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What happens to the products of your intellect?

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You have been hearing the words “Intellectual Property” (abbreviated IP) but what do they mean to you? Intellectual Property refers to products of the mind or the intellect. When a person creates something that is novel or original – a song, a dance, a book, a poem, a trademark these are worthy of protection as intellectual property just as other property such as a piece of land is protected by the laws of a country. {{more}}

We have all seen the advertisement on television of the electric lamp that could be switched on and off when someone claps. The inventor laments and moans about not having registered his invention. If someone does not register his invention there is a possibility that someone else would do so. The result is that the person who registers the invention gets the benefit and the actual inventor does not get the full fruits of his labour. It is difficult to keep track of and to protect many intellectual property items. An artiste records a song and it is immediately reproduced by others who fail to reward him for his efforts. Pirating of the creative work of artistes has become a serious problem.

Many countries now offer facilities and have instituted regulations for the registration of intellectual property but not all items have been traditionally registrable. Take for instance the items that are protected under copyright laws- literary (books) and artistic works. Copyright laws come into effect as soon as the item is created. Some countries believe that there is no need for registration but others like the United States now offer registration facilities.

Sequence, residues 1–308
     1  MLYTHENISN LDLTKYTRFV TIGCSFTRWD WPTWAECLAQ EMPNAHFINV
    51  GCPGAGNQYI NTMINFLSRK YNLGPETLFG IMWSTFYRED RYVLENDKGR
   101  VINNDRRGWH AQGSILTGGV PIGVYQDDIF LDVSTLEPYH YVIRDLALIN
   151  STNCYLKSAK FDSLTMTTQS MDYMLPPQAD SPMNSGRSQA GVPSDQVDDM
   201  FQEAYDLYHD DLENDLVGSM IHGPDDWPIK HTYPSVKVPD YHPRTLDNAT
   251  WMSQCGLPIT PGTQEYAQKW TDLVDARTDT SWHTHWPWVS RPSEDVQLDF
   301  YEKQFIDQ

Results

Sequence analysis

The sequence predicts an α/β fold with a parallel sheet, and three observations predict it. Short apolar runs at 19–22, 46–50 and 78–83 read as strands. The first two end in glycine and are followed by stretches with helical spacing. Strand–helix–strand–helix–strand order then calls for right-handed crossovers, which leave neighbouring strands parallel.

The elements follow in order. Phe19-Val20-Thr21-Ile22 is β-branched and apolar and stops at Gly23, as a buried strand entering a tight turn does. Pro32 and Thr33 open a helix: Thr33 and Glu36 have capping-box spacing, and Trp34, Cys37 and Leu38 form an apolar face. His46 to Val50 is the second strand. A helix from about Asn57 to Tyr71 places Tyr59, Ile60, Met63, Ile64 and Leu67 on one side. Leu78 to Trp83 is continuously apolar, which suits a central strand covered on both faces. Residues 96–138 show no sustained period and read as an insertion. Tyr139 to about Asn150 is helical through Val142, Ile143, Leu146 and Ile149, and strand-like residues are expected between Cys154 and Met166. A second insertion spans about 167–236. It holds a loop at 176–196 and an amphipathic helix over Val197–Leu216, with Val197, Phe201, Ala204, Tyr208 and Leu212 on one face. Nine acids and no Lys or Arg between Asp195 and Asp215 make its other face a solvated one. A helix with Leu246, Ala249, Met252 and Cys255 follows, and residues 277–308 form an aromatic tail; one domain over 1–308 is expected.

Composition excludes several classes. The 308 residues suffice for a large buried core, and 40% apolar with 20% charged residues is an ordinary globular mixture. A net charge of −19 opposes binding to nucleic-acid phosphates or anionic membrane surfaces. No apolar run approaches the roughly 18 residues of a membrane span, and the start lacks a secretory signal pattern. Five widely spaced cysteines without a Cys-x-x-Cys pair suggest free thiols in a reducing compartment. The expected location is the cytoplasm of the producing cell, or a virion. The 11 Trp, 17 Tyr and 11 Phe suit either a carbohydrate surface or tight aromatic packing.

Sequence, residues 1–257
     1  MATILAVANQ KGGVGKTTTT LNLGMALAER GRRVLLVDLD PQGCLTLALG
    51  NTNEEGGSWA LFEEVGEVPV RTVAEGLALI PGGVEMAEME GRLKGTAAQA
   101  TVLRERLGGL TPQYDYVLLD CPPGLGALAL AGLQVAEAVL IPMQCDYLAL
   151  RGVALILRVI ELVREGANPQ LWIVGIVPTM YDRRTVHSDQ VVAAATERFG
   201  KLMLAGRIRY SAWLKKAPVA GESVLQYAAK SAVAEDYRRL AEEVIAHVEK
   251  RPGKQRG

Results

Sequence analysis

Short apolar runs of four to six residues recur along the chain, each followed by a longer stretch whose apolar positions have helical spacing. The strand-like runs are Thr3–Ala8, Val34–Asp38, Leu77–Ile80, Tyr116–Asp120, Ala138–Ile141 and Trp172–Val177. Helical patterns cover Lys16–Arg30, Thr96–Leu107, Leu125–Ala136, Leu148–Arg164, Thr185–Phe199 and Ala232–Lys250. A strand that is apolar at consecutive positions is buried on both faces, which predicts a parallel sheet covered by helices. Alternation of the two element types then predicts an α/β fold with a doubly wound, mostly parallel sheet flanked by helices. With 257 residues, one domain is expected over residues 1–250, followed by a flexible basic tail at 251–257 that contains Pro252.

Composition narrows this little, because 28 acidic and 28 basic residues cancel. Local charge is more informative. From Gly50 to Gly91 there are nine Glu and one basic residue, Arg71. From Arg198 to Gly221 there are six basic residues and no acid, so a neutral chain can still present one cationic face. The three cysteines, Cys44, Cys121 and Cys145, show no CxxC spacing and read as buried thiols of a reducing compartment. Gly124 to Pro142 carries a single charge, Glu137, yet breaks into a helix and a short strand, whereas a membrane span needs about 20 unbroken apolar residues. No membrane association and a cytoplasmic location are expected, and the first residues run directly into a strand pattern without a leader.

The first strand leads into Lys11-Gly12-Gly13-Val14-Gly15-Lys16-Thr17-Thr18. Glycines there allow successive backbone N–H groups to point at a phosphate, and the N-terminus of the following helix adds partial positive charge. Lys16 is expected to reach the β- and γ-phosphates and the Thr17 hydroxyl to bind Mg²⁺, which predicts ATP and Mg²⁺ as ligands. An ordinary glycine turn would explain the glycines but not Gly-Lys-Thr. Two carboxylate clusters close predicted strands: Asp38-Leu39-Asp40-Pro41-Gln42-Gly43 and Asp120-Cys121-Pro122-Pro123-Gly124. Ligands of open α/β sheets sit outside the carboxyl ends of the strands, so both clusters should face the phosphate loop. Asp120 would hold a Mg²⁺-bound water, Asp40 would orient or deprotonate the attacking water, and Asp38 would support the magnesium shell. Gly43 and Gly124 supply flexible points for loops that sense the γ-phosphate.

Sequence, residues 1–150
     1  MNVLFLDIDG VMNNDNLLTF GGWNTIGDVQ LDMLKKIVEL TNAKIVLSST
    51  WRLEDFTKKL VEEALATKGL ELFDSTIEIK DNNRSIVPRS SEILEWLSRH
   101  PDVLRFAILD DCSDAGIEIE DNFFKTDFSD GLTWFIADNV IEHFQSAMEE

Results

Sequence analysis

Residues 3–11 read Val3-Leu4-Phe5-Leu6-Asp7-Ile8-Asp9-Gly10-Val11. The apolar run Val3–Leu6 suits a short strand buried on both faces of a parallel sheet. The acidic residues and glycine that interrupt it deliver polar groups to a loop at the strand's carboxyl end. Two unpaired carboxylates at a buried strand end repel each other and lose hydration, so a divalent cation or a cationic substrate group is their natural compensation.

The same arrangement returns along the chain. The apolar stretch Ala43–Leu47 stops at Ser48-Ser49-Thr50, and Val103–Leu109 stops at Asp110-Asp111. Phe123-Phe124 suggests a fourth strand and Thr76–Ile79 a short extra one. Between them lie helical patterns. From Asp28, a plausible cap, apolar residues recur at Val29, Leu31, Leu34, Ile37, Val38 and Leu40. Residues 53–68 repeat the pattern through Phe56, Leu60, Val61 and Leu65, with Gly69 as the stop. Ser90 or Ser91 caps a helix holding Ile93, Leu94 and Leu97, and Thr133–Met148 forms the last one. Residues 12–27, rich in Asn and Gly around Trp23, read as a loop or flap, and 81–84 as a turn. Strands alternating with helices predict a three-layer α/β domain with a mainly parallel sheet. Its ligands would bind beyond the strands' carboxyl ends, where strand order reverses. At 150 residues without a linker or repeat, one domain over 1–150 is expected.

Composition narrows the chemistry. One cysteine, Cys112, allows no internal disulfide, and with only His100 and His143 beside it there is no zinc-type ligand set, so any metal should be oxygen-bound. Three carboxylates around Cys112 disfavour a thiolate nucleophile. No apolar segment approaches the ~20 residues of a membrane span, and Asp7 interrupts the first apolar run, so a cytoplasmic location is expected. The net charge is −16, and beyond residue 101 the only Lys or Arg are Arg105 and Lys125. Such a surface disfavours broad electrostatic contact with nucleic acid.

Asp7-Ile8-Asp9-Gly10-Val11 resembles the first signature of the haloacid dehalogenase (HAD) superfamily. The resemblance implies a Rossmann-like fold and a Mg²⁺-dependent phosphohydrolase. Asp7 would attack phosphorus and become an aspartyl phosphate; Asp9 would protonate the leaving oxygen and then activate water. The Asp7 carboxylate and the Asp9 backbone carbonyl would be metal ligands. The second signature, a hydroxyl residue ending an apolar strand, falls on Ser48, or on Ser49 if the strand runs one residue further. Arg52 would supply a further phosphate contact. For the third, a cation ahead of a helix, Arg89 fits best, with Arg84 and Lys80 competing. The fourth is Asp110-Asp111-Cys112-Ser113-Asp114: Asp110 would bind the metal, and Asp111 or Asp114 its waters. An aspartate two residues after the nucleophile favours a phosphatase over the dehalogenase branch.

There are difficulties in apprehending those who infringe the author’s rights. Books could be easily photocopied and this could rob the author of the rewards of his labour. Books carry the copyright sign ((c)) and bear warnings about reproducing the work of the author without his permission. The author may institute action in Court against any one who reproduces, translates or adapts his work without his permission.

This need for protection of intellectual property was recognized many years ago. Several countries came together in the Treaty of Paris in 1883 to recognize industrial property rights. In 1886 the Treaty of Berne gave recognition to literary and artistic works. The United Nation saw it fit to create a specialized agency known as World Intellectual Property Organization (WIPO) for the protection and promotion of intellectual property. This agency is located in Geneva, Switzerland. It realized that protection and recognition of rights through the cooperation of all nation states would help to promote the works of creators of intellectual property and benefit the country as a whole. Hence, countries are urged to become members of WIPO.

WIPO has been exploring other areas and quite recently traditional knowledge has come into focus. The organization considers the need to protect holders of traditional knowledge, innovations and culture.

St Vincent and the Grenadines is a member state of WIPO and it is a signatory to many of the treaties, the most recent being the Patent Corporation Treaty. The Patent Cooperation treaty which provides for the registration of inventions became law in 2004. When it comes into force it will end the system of re-registration of patents registered in England or Europe. Before 2003, trade marks were registered in England or Europe and re-registered in SVG. The system of re-registration was burdensome and trademarks are now registered directly in SVG. The country can benefit in a more meaningful way from registration while giving a degree of protection to the creators of intellectual property.

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